How we commit as teachers to respecting students and facilitating their learning helps to determine the commitment they make to themselves, their goals and to taking their place in civil society.
By Michael Salvatori, OCT
Photo: Matthew Plexman
One of the many enduring lessons I learned from my father is that once a commitment is made it needs to be honoured.
I can recall a gentle conversation he had with me sitting on the grass in the backyard when I wanted to quit my Boy Scout group. He explained to me that when I registered for one of the highly coveted spaces in our local troop, I made a pact with the leaders, with the other scouts and with myself. Sticking to my commitment, at least for the year, would show respect, discipline and character.
I stayed with it for several years and several Boy Scout badges, which I still have. I keep them in my desk drawer as a reminder of the lesson and the importance I place on commitment.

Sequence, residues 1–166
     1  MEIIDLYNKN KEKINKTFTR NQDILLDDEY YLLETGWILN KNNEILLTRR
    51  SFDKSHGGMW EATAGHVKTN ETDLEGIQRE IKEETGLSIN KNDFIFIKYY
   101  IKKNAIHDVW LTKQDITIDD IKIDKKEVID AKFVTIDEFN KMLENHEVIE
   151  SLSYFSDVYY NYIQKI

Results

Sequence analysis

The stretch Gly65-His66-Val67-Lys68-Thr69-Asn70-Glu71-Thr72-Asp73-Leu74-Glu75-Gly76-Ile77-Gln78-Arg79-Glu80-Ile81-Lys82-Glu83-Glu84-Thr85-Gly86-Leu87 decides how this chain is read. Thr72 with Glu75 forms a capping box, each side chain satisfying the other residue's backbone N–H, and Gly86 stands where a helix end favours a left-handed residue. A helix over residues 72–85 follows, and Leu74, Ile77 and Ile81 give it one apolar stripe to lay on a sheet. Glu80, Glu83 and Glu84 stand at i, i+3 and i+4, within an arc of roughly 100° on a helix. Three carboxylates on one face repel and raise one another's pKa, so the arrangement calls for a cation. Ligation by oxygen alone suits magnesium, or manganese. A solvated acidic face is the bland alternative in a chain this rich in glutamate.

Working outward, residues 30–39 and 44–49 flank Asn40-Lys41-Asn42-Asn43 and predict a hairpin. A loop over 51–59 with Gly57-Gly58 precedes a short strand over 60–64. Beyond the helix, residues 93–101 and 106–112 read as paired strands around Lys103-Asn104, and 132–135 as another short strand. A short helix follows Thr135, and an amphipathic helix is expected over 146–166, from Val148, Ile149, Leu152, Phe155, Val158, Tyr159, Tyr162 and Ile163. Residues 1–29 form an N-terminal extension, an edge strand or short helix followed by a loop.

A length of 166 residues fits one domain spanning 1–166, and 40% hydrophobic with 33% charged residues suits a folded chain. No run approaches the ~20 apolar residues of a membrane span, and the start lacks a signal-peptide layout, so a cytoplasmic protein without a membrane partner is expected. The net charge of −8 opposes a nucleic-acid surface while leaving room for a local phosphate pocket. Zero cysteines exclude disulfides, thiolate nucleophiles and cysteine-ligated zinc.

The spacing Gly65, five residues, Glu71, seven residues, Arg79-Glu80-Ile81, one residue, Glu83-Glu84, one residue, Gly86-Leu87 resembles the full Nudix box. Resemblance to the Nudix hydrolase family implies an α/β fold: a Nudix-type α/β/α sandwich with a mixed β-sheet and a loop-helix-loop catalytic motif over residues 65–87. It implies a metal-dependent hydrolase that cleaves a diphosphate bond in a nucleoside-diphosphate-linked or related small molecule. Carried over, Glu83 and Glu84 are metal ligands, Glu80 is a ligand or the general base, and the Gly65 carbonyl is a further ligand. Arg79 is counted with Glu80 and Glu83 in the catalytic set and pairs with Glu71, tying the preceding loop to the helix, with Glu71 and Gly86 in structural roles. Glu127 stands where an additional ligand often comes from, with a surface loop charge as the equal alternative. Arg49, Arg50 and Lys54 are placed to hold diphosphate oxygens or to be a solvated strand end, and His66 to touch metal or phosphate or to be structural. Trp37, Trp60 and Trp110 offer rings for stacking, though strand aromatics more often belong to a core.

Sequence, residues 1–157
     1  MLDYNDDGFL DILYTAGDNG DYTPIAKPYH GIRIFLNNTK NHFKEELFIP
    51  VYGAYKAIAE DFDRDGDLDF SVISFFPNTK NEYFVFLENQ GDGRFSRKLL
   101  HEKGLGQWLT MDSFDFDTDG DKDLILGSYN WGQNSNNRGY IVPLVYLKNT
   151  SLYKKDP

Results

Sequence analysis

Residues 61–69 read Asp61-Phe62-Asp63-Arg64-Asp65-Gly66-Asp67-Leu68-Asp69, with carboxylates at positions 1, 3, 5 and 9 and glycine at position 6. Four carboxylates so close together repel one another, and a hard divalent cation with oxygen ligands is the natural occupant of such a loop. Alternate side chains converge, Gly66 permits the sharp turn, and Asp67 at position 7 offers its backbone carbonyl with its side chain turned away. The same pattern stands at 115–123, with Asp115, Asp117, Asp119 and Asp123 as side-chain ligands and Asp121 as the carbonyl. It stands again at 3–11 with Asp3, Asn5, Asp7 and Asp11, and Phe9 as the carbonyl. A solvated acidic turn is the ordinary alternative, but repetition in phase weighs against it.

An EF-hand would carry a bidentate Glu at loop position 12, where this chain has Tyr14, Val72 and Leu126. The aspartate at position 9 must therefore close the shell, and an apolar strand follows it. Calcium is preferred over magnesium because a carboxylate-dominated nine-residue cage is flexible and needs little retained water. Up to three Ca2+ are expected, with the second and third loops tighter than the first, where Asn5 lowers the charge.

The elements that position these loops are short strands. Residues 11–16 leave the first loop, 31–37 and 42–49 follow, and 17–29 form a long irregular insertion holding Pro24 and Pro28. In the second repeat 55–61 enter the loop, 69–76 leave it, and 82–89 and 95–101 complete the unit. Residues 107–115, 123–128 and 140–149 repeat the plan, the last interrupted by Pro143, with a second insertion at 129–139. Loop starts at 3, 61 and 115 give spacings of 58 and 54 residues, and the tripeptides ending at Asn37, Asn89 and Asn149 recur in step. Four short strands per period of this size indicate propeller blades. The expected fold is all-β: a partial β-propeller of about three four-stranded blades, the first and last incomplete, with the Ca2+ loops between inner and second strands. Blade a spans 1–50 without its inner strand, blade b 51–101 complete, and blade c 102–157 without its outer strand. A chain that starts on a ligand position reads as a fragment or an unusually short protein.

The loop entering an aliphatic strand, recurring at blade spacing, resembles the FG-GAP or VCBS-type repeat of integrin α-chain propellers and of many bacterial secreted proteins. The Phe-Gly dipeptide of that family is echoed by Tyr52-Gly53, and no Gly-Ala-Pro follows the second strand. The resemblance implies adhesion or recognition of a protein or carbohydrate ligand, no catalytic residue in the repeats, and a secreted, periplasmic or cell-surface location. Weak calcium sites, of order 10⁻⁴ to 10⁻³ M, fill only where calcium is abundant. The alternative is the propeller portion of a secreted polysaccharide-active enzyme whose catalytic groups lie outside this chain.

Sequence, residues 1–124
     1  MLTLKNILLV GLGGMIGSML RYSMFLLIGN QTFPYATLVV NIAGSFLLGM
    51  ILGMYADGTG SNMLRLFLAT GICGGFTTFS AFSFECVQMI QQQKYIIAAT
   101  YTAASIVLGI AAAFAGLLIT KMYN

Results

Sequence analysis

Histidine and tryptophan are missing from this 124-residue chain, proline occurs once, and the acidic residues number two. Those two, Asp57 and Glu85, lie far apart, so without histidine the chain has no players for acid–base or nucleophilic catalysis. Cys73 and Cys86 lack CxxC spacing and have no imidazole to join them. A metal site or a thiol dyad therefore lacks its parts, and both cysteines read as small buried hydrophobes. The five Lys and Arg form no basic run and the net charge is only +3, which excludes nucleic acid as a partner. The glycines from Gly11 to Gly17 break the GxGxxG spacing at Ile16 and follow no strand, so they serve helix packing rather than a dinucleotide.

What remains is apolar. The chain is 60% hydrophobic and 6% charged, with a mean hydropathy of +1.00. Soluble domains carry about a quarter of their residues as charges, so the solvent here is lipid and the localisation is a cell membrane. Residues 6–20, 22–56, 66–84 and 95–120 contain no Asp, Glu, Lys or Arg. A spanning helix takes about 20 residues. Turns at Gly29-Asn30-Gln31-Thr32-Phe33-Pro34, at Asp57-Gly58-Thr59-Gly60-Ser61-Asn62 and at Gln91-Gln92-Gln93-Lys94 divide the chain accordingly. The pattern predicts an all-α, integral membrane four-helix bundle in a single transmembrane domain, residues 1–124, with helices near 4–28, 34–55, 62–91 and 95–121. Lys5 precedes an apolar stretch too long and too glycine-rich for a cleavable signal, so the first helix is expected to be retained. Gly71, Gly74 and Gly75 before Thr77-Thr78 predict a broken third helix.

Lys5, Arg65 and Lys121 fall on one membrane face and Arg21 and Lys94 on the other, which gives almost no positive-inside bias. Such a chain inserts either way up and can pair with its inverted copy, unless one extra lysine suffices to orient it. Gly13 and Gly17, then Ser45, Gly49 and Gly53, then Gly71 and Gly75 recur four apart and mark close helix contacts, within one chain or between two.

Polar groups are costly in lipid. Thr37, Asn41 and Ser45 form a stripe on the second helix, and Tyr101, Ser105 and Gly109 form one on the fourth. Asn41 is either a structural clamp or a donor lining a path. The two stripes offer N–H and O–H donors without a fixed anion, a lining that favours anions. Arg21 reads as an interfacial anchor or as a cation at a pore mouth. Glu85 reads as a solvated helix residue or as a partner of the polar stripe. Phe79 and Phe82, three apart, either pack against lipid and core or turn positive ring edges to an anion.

One of our College standards of practice underscores the value and the strength of commitment. As members of the profession, we are dedicated to helping students learn and to become contributing citizens to our civil society.
The responsibility is big, but so are the benefits.
Treating students with respect, taking into account individual differences, and acting with fairness comes naturally to us as teachers. These inherent inclinations are the cornerstones of our commitment to students, their learning and their potential.
“Treating students with respect, taking into account individual differences, and acting with fairness comes naturally to us.”
One of my colleagues recently worked with a group of students and asked them to reflect on their abilities and to describe what they wanted to be or do when they grow up. Their responses speak to the moments of great promise that lie ahead for these young people:
I find these statements inspiring and moving. As I reread them,I think about the impact that teachers have on the way students view themselves, on their potential and on their future goals.
Commitment to students and their learning goes beyond the classroom and even the school. It extends to how students see their role in society and the world, the space they occupy now, and the great spaces that await them in the future.